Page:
Back to the topic…
Awareness starts with an aspect of our lives that I can guarantee each and every one of us have rarely ever really paid attention to: our food. How ironic is it that we wouldn’t pay attention to something that is right in front of our eyes? And I’m not just talking about the appearance of it, I’m talking about how it was produced and where it came from. Eating Animals by Jonathan Safran Foer was by far one of the most influential books that I have ever read in school, not because it had a good story plot but because it revealed so much information about factory farming. Also, reading a book has never inspired me to think twice about my surroundings as much as Foer’s. Did you know that animal agriculture makes a 40% greater contribution to global warming than all transportation in the world combined? (Foer 43). Or that nearly half of all our drinking water is contributed to raising animals? (Meat). Most would claim that the main cause of global warming and the destruction of our planet are from gas-emissions from our automobiles and from colossal oil refineries. However, it is these claims that show how ignorant and on our “default” setting we are when it comes down to knowing about the food we eat.
This lack of knowledge and awareness of our food can even prove fatal if we don’t make a change. Take the story of two-year old Kevin Kowalcyk in the documentary, Food Inc., for example. One day in a small town in Wisconsin, Kevin ate a hamburger. Who cares? Well, in the span of eight days, Kevin had died due to failure of his small and large intestines – which is 100% fatal. What Kevin and his parents failed to be aware of was that this factory-farmed meat was contaminated with E.coli, a dangerous virus that is very common in factory-farmed meat. Before this tragic event, Kevin’s parents had no education nor the lack of interest in where or how the food they fed him with was processed. Now, the family vows to never associate themselves with the factory farm industry and are advocating for a more thorough inspection of meat production. The idea in part is that we claim to think we know all about where and how our food was produced, but in reality we are unaware of the information that lies behind those closed doors at factory farming. Although I would love to write for years on the things I have learned about how cruel factory farming is not only to the animals themselves, but ourselves and our environment, I encourage you all to investigate into your own food. If a simple daily activity such as eating food proves how unaware we are of what surrounds us, what else do you think we ignore daily?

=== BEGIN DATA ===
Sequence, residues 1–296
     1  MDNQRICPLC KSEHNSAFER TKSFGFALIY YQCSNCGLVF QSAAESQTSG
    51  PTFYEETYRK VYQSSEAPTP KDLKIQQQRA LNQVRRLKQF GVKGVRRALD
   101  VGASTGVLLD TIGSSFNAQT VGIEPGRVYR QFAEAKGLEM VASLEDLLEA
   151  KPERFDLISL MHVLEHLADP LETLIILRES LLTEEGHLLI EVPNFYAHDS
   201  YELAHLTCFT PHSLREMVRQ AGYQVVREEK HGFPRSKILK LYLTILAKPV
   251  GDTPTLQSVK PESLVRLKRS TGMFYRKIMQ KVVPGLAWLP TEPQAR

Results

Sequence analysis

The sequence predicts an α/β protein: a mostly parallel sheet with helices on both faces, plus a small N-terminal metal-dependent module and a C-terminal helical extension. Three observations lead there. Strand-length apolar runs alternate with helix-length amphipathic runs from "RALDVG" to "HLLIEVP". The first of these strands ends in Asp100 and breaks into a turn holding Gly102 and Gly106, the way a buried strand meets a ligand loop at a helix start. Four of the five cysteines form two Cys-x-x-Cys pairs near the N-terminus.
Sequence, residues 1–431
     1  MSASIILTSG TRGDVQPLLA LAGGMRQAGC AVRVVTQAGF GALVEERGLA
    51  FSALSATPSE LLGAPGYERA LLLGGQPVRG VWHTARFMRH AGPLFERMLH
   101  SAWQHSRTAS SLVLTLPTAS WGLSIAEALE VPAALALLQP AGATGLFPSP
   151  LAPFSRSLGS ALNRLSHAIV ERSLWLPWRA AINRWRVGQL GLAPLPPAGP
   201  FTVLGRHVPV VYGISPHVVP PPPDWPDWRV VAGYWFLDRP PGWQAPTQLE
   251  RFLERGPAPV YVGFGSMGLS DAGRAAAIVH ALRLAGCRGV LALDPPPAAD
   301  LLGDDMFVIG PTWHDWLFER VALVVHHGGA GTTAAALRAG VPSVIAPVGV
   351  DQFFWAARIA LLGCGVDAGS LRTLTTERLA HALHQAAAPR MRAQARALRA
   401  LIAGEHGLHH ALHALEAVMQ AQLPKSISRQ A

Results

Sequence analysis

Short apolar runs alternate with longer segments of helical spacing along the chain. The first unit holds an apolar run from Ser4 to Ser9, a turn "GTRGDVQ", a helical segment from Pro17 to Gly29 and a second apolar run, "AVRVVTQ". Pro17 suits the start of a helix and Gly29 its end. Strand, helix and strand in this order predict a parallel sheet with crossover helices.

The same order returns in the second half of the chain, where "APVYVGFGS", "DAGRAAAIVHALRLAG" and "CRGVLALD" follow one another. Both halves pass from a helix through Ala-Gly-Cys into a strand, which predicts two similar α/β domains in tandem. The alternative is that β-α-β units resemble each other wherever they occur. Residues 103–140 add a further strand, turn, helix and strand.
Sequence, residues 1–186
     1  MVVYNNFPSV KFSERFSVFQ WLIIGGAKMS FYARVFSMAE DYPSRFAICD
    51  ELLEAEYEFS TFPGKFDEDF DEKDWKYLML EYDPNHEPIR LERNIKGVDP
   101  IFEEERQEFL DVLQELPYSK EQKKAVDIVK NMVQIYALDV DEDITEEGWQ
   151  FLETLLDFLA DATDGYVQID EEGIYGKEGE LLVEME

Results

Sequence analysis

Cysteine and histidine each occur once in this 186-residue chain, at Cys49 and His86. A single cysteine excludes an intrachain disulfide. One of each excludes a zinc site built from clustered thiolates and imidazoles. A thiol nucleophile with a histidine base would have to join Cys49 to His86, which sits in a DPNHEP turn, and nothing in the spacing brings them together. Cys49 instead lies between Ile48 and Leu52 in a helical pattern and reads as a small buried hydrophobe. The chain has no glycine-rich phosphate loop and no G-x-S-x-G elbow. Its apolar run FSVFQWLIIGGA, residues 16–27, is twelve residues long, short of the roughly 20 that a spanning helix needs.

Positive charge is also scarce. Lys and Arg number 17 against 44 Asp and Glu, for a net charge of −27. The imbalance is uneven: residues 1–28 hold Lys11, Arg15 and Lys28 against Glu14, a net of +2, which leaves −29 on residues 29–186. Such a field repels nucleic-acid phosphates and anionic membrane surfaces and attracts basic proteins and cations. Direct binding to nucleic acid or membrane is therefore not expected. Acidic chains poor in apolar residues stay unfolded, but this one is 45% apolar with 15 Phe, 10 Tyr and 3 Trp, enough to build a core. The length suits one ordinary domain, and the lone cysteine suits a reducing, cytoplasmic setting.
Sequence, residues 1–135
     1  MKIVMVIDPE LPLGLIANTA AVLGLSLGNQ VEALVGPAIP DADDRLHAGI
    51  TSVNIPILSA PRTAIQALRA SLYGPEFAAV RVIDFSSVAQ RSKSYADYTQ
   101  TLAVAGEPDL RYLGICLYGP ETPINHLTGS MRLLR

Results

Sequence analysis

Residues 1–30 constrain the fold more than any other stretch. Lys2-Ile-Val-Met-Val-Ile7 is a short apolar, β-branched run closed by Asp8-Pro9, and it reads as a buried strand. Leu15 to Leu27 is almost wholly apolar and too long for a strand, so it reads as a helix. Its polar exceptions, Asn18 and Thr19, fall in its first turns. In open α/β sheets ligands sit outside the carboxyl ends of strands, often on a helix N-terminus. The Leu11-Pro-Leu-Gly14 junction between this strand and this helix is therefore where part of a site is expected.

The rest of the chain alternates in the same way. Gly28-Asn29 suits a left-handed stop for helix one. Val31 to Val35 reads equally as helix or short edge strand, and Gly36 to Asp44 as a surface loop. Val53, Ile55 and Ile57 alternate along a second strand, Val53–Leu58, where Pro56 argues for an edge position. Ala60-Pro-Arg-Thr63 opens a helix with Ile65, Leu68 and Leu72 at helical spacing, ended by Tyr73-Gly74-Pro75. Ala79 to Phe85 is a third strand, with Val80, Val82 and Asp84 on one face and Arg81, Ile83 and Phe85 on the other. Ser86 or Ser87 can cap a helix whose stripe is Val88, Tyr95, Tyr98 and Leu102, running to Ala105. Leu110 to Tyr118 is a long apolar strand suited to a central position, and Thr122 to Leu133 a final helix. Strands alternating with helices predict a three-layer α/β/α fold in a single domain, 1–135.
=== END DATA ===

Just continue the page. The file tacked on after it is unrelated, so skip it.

You might be thinking, so what? Who cares about whether or not we pay attention to our food? As a matter of the fact, I thought the same thing before I actually attempted to make an effort to pay attention to the little things that revolved in my life. But think about it, this is only about food. If we don’t possess the awareness needed in such a daily routine such as eating food, how can we be cognizant of other things in our lives? I am in no position to tell you what to do because after all, it is your life. But what I will tell you is that our society today has become so indulged in the idea of living in excess in regards to food, technology, and money that we have lost our perspective of what really matters in life. Instead of simplifying our lives, we are constantly striving for more and fail to take a moment and realize how lucky we are. Wallace argued that our education will reach its highest potential when we as humans, become aware ofour surroundings. And when we do, we will understand what Jason meant and truly find the happiness, appreciation, and meaningfulness of life. With these types of minds that Wallace, Foer, and Jason have, we have the power to change the world.
“Live simply, so others can simply live.”
Bibliography Food Inc. Dir. Robert Kenner. Perf. Michael Pollan and Eric Schlosser. Magnolia Pictures, 2009. DVD.
Foer, Jonathan Safran. Eating Animals. New York: Little, Brown and, 2009. Print.
“Meat and the Environment | PETA.org.” People for the Ethical Treatment of Animals (PETA):The Animal Rights Organization | PETA.org. N.p., n.d. Web. 30 Oct. 2013.
My Friend Jason. Prod. Shot at The Dark. Perf. Jason Rodas. Vimeo. N.p., 03 Mar. 2011. Web. 08 June 2014.
Wallace, David Foster. “This Is Water.” Online video clip. YouTube. YouTube, 09 May. 2013. Web. 10 Nov. 2013.